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Subject: Re: [xliff-inline] Code (and content) comparison

Hi Yves,

See my comments below. Nothing earth-shattering in them, but maybe worth the few minutes to read them.

> Hi all,
> This is a topic for the inline SC, but it may be of interest to the TC as a whole, so I'm CCing the TC list.
> I think one of the items we have to provide for inline codes is a description of when two codes are identical, and by extension when two contents are identical, at least in the context of the specification.

I think such a description would be very useful. The scenarios you describe could be very important, especially to someone trying to diagnose why something won't work right would going back from XLIFF. It would be very easy to mess up a tag in a way that is difficult to spot, and having a way to check it would be invaluable.

> Why?
> -- Elsewhere in the specification we may have to make reference to having two entries identical. For example when working on <match> we probably will have some type of score attribute, and we will want to define what "100" (or whatever value we use for an exact match) means. And that will likely entails saying that two source contents are identical.
> -- At some point we may have some tool to check processing expectations. Such tools, for example, could compare a 'before' and an 'after' document and flag any un-expected changes (See the interesting presentation from Andrew Pimlott for some scenarios). That means we'll have to compare contents, including codes.

I think that such a function would be vital in some cases.

> To get things started, here are some thoughts in no specific order: 
> - We may want to define different kinds of 'identical'. For example one that exclude the original content and one that takes it into account. No specific use case in mind yet thought.

Agreed. Both are probably useful for different reasons.

> - For the text part of the content. Are there official XML way to do compare? Should we involve normalized forms (e.g. NFD or NFC, http://unicode.org/reports/tr15/) when doing our definitions?

This can get tricky. In general, I think it is probably best to flag differences in normalization in some fashion because they could, potentially, have a downstream impact. For example, if you're localizing content for a database and you normalize something that shouldn't, it could result in an error that is very hard to diagnose based on the appearance of things. Some systems might also expect one form or the other, and seeing the difference can be very difficult without a compare utility. Perhaps a tools should have an option to flag these things or not: I can see many cases where users simply wouldn't care because it wouldn't matter.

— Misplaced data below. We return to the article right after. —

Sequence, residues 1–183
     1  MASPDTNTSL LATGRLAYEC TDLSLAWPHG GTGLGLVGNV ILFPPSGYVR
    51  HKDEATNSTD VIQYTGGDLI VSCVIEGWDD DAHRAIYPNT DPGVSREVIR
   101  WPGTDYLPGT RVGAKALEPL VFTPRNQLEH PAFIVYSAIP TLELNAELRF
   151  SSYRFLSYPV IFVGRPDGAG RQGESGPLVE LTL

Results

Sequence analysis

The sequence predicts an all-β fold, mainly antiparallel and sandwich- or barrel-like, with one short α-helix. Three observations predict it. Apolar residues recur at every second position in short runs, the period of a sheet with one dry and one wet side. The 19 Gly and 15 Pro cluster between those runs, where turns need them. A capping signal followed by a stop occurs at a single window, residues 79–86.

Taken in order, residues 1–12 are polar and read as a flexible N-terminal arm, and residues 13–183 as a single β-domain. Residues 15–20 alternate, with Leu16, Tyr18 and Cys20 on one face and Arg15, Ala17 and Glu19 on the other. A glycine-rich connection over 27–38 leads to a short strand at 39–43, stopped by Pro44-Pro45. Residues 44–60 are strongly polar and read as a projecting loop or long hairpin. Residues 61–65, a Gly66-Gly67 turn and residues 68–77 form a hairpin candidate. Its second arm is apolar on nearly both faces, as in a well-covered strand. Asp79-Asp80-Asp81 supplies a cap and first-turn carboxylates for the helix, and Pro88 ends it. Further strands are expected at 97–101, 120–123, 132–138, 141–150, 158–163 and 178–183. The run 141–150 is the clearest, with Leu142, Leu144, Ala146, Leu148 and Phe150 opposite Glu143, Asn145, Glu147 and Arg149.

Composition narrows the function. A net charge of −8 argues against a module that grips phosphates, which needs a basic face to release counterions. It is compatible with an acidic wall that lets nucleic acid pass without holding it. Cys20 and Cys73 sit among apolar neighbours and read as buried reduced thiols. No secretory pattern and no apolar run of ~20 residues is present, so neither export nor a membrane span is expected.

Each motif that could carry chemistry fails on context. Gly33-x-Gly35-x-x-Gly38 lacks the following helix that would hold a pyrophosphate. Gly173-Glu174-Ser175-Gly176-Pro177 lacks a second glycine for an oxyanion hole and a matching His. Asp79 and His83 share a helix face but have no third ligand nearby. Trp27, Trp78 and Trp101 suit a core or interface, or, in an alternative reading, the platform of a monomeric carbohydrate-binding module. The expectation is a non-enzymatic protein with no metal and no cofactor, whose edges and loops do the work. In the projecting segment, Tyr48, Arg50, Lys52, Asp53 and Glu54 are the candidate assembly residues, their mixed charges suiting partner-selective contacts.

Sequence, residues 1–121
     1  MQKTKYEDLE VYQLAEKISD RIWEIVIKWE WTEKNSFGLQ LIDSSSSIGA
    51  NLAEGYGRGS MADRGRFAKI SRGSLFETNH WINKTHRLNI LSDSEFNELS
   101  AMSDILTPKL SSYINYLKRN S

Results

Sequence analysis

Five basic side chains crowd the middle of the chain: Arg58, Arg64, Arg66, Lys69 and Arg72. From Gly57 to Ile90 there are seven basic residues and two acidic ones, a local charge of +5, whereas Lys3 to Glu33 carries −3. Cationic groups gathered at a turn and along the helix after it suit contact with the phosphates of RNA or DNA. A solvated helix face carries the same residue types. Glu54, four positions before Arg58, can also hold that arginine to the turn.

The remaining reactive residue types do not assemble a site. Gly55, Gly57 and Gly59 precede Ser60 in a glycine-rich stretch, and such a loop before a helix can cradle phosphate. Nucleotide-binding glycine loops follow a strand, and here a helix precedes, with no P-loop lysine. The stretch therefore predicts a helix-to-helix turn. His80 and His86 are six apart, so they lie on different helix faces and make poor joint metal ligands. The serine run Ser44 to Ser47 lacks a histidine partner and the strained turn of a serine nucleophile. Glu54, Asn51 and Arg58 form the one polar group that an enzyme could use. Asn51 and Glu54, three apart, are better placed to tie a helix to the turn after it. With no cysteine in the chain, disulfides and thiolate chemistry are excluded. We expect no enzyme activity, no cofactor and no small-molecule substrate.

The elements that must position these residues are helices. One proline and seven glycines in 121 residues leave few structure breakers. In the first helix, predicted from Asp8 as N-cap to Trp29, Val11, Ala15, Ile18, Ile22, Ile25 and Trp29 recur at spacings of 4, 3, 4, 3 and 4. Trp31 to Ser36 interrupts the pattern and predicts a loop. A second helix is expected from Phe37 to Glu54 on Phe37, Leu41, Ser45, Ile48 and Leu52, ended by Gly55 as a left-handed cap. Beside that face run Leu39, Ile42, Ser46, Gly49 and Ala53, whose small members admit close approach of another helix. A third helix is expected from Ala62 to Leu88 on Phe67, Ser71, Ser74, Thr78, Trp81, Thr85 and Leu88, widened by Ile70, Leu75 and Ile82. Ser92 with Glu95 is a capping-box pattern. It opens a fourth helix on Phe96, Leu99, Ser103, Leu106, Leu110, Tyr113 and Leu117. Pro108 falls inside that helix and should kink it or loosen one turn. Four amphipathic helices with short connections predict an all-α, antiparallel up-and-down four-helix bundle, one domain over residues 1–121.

> - It could be useful to provide (in some annex) the different regular expressions that match the inline codes. That could save time to users and ensure better tools or better process. Could be used in SRX for example.

So you mean the encapsulating markup as defined in XLIFF or the actual inline codes that are to be encapsulated? Obviously the latter would be rather difficult (to put it mildly), and I presume you mean the former, but just want to make sure.

> - How should we define the comparison(s)? A list of 'parts' of the code (attributes, content, etc.) and whether or not they need to be the same to match one definition of identical?

That would depend on the purpose of the comparison. I don't think there is a single best answer to this question.

> Any and all input welcome.
> Cheers,
> -yves


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